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Presidential Tall Tales

Americans expect their leaders to be larger than life, a truth reflected in the tall tales we tell about them.

Published Feb 17, 2020

 (Wikimedia Commons)
Image Via Wikimedia Commons

The young Abraham Lincoln earned the nickname "Honest Abe," we are told, by walking miles to repay a few cents a customer he had accidentally overcharged while working as a clerk in a village store.

George Washington, who would grow up to be the first president of the United States, famously admitted to his father that he had chopped down the latter's prized cherry tree, vowing, "Father, I cannot tell a lie."

While they don't rise to the level of historical facts, anecdotes such as these illustrate the moral qualities Americans attach to their most beloved national leaders. For good or ill, all presidents undergo a measure of mythologizing, a process that has continued right down to the present day. We hope this brief sampler whets your interest for a deeper exploration of the history and folklore of the U.S. presidency.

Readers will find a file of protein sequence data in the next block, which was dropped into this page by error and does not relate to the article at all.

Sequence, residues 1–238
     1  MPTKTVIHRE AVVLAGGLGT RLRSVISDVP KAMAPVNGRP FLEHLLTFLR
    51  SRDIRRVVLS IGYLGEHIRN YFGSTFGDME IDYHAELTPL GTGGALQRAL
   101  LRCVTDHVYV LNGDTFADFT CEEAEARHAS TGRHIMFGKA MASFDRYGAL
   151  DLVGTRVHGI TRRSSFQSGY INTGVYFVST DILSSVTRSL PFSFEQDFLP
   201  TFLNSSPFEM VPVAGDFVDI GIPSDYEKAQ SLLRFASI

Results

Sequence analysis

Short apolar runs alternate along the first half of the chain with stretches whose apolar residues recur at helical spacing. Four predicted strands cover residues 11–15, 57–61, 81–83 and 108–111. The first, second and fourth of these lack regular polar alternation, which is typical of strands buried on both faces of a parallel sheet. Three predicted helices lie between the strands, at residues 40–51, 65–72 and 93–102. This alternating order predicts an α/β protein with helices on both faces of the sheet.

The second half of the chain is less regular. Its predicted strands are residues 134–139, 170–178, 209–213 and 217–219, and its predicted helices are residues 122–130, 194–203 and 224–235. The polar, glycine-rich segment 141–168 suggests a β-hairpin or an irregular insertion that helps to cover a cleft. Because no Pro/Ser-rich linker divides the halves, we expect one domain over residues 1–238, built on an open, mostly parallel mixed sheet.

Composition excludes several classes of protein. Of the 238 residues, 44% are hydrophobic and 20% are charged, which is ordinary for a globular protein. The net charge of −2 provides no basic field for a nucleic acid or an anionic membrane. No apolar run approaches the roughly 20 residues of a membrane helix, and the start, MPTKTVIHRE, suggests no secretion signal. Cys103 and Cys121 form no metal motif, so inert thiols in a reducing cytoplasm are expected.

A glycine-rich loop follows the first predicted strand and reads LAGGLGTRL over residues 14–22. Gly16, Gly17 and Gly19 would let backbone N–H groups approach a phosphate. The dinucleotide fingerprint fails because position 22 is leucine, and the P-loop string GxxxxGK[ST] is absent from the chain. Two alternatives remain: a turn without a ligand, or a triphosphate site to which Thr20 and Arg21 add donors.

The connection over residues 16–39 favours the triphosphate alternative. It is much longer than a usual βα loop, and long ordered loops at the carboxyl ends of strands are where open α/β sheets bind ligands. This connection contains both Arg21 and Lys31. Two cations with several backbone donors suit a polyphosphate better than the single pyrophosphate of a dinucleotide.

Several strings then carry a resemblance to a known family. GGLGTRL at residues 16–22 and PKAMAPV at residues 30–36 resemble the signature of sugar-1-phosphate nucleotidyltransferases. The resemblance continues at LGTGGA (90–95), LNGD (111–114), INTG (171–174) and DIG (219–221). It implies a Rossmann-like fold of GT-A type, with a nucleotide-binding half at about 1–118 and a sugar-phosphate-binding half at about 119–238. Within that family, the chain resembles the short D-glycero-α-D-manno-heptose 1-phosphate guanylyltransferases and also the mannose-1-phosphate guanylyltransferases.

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David Emery is a Portland-based writer and editor with 25 years of experience fact-checking rumors, hoaxes, and contemporary legends.

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